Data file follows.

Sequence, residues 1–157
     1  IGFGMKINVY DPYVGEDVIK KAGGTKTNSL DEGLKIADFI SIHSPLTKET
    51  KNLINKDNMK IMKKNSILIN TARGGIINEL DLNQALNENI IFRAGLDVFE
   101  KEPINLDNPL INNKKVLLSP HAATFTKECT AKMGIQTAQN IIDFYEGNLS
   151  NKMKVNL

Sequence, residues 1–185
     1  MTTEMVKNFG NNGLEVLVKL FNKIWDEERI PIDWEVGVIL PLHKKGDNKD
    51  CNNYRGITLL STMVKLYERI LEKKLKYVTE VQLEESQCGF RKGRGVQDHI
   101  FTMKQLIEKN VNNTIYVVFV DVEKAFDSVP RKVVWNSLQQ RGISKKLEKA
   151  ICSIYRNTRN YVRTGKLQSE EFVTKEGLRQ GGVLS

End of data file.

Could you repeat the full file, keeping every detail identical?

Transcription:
Sequence, residues 1–157
     1  IGFGMKINVY DPYVGEDVIK KAGGTKTNSL DEGLKIADFI SIHSPLTKET
    51  KNLINKDNMK IMKKNSILIN TARGGIINEL DLNQALNENI IFRAGLDVFE
   101  KEPINLDNPL INNKKVLLSP HAATFTKECT AKMGIQTAQN IIDFYEGNLS
   151  NKMKVNL

Sequence, residues 1–185
     1  MTTEMVKNFG NNGLEVLVKL FNKIWDEERI PIDWEVGVIL PLHKKGDNKD
    51  CNNYRGITLL STMVKLYERI LEKKLKYVTE VQLEESQCGF RKGRGVQDHI
   101  FTMKQLIEKN VNNTIYVVFV DVEKAFDSVP RKVVWNSLQQ RGISKKLEKA
   151  ICSIYRNTRN YVRTGKLQSE EFVTKEGLRQ GGVLS